Supervalu Inc.’s stock fell almost 10 percent Wednesday after its largest shareholder — an affiliate of Cerberus Capital Management — disclosed the release of its shares.

Supervalu closed at $8.94, down 95 cents, and it was one of the biggest percentage losers on the New York Stock Exchange.

Cerberus, a large private equity outfit, engineered the purchase of 21 percent of Supervalu’s stock two years ago as part of deal that also saw Cerberus buy Supervalu’s four largest grocery chains.

Symphony Investors, a group led by Cerberus, is now “distributing” its stock in Supervalu to its members, according to a federal securities filing late Tuesday.

Symphony had to hold those Supervalu shares for two years after the Supervalu deal, and now that time is up.

Essentially, 54 million shares held by Symphony or an allied company were cut loose. Cerberus Iceberg, another Cerberus affiliate will receive 21 million of those 54 million shares, according to another securities filing. Cerberus will thus continue to own about 8 percent of Supervalu’s stock.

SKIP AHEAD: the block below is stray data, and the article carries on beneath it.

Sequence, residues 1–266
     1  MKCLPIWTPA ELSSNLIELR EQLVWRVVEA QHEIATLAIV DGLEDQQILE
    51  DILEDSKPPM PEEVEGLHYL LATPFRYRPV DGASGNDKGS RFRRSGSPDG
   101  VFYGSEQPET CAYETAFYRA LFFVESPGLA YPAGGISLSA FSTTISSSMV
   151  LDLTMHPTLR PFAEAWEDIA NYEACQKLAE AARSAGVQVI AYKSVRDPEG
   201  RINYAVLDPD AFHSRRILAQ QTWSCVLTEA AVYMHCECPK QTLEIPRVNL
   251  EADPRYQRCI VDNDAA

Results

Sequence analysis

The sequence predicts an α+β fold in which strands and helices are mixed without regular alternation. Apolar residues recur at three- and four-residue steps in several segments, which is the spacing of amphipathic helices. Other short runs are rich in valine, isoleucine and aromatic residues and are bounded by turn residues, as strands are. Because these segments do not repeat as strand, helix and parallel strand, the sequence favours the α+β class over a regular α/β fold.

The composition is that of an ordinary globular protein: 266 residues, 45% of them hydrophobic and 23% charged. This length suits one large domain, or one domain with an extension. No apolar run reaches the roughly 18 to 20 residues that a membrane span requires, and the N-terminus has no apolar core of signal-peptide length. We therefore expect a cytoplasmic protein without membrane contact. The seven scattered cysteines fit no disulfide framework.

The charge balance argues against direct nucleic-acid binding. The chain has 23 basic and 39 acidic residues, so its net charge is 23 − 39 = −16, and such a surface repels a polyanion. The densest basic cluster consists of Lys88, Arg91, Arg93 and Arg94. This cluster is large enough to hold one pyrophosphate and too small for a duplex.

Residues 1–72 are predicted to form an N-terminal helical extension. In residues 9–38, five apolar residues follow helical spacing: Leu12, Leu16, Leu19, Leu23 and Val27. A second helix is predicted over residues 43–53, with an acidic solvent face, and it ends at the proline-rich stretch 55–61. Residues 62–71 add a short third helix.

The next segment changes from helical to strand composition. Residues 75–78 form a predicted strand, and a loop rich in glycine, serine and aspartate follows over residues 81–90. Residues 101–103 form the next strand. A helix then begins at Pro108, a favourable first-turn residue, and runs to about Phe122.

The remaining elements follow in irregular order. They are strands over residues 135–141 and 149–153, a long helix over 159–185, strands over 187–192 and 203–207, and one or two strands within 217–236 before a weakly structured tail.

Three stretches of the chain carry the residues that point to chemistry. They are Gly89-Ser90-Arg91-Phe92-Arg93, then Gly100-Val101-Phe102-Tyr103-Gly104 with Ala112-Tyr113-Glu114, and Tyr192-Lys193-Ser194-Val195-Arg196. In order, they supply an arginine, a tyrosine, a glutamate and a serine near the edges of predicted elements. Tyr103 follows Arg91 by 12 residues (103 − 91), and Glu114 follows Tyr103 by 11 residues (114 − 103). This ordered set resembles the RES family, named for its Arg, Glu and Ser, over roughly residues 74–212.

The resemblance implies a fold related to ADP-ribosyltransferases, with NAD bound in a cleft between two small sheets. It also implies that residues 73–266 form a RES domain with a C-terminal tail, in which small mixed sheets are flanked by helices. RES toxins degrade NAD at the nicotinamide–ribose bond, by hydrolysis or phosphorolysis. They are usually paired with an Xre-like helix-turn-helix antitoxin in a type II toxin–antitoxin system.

But with many Supervalu shares moving in the market, its stock came under selling pressure Wednesday. More than 35 million shares changed hands, more than 10 times its average daily volume of 2.9 million shares.

Supervalu’s stock had fallen another 7 percent on Tuesday after it released its fiscal fourth-quarter earnings. Eden Prairie-based Supervalu beat Wall Street’s profit forecasts, but sales growth at its Save-A-Lot chain fell short of analysts’ expectations.

Supervalu’s stock has risen from less than $4 two years ago to a high of $12 this month.